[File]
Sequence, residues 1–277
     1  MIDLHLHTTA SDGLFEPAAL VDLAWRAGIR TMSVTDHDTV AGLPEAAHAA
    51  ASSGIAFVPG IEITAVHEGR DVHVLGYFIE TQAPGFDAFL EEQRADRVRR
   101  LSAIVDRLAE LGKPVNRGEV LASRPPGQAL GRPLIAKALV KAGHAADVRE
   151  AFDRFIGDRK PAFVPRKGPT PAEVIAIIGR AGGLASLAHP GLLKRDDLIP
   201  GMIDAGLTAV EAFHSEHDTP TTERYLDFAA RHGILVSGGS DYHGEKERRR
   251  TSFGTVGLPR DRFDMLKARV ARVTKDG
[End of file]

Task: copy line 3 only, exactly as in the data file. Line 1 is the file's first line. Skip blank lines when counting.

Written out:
    51  ASSGIAFVPG IEITAVHEGR DVHVLGYFIE TQAPGFDAFL EEQRADRVRR